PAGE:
Developing vocabulary means increasing the number of words a child knows. It also mean developing their comprehension and usage of the words.
Improving Vocabulary Includes:
- Increasing the number of words children know
- Improving their understanding of the words
- Increasing their effective usage of the words
Learning words and what they mean is very important for both speech and reading. It is part of their “language and reading ingredients”. Obviously, if you do not know a word you can’t really say it, use it, or read it. And kids need to learn a lot of words.
There is a great deal of evolving research around young children and words. At this time there is a growing consensus that the research supports that it is not simply the number of words children hear that matters. It is also the variety of words. And more importantly the context, engagement, and human interactivity around the words with a loving caregiver.
Think about that for a moment. The loving, human interactivity around words is the key to language development. In this light it should be clear why all or nearly all of the songs you use in class should be filled with cherished human interactivity.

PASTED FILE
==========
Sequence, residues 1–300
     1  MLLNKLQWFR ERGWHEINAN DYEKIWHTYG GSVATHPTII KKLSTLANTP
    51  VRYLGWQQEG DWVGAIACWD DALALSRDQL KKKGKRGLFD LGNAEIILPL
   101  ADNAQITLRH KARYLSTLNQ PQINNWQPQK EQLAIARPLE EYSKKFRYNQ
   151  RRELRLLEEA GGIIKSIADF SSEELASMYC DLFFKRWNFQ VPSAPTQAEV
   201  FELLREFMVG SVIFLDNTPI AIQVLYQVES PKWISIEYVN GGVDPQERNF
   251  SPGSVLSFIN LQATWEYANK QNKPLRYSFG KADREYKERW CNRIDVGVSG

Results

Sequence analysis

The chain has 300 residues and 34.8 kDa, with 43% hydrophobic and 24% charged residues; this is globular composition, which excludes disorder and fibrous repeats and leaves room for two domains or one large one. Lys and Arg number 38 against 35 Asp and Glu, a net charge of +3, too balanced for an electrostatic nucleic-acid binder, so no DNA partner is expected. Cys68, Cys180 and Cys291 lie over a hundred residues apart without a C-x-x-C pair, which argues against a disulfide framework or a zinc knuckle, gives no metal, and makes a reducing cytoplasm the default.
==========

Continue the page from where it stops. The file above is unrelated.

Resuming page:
The Learning Groove songs and stories are designed to be interactive. So they are a wonderful model of this process. However, we hope you will write many of your own engaging interactive songs. And you can use other traditional songs as well.
Knowing that children need to learn many words, parents and teachers often break out word lists and flash cards. For the most part, they don’t work. Can we finally put them away? The reason they do not work is because learning is most effective when it is joyful, meaningful, interactive, engaging, and contextual.
Choosing Songs and Activities for Vocabulary Development
Interactive songs are meaningful and engaging and therefore highly effective tools for naturally increasing vocabulary. Simply singing The Learning Groove songs with children will have this educational benefit.
However, you can select the songs with rich words and sing them. Then ask questions about them and talk about topics with those wonderful words. You can write out some of the key words which you used. You can play word games with the words in the song.
Adapting Songs for Vocabulary Development
We can adapt the songs to be even more effective.
Let’s go back to "Baa Baa Black Sheep". What word group would you like to focus on? How about shapes. Now we have "baa baa round sheep". Or colors, "baa baa blue sheep". It is limitless. Or how about "Twinkle, Twinkle, Little Star". You can replace little with HUGE. And, now let the kids choose the size of the star and everyone sings.
How can you do this same type of adaptation with I"tsy Bitsy Spider"? What other songs can you adapt to promote vocabulary development?